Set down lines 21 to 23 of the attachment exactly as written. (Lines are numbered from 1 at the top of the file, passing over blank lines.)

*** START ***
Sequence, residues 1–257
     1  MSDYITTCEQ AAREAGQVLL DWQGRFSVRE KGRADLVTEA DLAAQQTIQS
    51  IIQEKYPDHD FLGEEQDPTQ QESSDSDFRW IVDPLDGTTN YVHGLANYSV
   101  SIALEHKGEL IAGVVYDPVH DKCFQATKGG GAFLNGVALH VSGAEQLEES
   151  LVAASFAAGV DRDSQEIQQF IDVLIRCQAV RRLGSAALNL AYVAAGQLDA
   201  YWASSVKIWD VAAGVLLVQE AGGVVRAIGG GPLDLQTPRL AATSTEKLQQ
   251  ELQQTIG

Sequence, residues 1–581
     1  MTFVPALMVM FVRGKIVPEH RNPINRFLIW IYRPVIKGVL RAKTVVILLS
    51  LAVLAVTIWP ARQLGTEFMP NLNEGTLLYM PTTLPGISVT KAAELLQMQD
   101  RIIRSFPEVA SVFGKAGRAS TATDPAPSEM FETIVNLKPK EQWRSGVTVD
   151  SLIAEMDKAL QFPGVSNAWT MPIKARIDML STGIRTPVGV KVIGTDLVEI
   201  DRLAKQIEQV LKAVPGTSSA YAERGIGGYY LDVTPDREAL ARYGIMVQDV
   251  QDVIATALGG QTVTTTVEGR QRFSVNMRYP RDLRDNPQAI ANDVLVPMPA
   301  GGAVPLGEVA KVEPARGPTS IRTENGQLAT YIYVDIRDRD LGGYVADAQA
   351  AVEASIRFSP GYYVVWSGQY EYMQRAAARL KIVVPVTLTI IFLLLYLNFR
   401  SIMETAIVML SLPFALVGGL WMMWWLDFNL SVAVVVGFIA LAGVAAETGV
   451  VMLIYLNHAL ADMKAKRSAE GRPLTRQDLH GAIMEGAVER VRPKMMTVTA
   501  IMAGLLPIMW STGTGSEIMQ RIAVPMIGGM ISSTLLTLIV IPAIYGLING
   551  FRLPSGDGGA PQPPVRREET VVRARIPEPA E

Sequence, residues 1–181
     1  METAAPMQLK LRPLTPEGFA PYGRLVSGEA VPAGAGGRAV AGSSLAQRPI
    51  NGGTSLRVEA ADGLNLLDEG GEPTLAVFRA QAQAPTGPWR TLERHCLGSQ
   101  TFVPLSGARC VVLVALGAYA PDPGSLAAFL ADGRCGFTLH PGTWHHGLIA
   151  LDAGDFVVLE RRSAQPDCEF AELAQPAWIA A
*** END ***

Sequence, residues 1–181
     1  METAAPMQLK LRPLTPEGFA PYGRLVSGEA VPAGAGGRAV AGSSLAQRPI
    51  NGGTSLRVEA ADGLNLLDEG GEPTLAVFRA QAQAPTGPWR TLERHCLGSQ